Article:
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French Politics #1

Stefan de Vries
Stefan de Vries
Welcome to my new newsletter. Every weekend I’ll send you an update on French politics.
This week: Director Macron has found his leading role, as well as the 22 other actors in his new super production. Lights, camera, action!
Passez une bonne semaine !
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Is it the new President? Or Ben Hur?
Is it the new President? Or Ben Hur?
Emmanuel Macron took office as president of France last Sunday, taking over from François Hollande, the ‘normal President’. A pompous ceremony followed the solemn moment at the Elysée Palace. The next day, he appointed Edouard Philippe as his PM (Prime Minister). It didn’t come as a big surprise: Philippe’s name had been circulating for a while. With his choice, however, Macron dealt the Conservative Party a final blow. Until yesterday, he was the Mayor of Le Havre, the somewhat sinister port town in Normandy. He is the first bearded PM since Paul Ramadier in 1949, but despite this hairy detail, he is relatively unknown to the French public. As an MP he had the reputation of a procrastinator. He prefers to spend his time writing political thrillers. His mentor, former PM Alain Juppé, had wise advice for Philippe: “Don’t do it.”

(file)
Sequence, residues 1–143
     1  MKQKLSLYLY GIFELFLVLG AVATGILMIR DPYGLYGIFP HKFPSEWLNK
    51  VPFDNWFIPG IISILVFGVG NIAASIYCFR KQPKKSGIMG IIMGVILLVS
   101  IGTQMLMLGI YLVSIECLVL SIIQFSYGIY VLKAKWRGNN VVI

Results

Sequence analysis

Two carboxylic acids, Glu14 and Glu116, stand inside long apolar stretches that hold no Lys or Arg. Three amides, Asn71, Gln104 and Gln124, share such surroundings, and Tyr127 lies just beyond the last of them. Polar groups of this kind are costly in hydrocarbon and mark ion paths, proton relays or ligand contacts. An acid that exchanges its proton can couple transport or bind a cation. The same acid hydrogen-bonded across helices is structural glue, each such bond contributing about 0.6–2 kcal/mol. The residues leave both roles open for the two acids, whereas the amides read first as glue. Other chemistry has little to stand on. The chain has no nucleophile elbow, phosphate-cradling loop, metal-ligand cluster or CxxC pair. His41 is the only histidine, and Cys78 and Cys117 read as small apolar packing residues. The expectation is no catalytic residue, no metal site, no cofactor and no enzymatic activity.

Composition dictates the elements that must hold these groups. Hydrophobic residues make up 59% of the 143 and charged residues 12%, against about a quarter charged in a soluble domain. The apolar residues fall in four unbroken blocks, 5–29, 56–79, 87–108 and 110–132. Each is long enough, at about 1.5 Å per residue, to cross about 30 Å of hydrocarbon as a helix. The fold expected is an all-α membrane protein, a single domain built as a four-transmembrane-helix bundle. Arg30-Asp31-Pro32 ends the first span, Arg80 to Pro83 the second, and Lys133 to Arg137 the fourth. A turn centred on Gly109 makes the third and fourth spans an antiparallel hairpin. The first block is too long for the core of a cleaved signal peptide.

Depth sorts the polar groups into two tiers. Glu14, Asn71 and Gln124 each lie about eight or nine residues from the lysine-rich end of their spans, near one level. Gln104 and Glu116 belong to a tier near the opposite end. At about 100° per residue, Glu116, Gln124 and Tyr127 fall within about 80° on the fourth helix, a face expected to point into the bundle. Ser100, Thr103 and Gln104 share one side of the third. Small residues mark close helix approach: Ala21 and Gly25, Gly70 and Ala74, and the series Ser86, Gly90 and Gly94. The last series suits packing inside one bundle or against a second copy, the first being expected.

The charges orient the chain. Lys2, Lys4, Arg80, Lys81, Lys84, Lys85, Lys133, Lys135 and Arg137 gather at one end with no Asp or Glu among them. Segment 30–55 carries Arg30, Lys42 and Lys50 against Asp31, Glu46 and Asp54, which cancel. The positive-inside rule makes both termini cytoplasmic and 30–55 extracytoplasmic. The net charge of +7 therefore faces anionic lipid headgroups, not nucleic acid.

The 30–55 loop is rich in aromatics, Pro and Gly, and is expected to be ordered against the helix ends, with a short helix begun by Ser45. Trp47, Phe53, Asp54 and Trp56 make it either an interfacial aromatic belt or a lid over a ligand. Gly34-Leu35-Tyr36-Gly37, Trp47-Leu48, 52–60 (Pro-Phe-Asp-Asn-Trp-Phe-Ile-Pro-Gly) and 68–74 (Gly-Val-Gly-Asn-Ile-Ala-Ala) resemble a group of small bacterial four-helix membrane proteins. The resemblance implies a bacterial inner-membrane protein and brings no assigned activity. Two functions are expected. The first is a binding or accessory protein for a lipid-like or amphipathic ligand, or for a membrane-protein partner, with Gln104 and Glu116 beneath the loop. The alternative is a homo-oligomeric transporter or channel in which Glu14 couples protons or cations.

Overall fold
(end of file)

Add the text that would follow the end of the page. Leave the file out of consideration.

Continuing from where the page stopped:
Two days later, Wednesday, May 17th, the rest of the new cabinet followed. The new ministers were supposed to be appointed on Tuesday, but the High Authority for Transparency needed more time to check their tax records. The new government is a potpourri of figures on the left, right and centre. According to some, it gives a glimpse of how he plans to govern the country. To Northern Europeans and Germans, this may sound like your typical coalition, but the French have no real tradition of multi-partisan or even post-partisan politics. For that reason alone, Macron’s choices are interesting.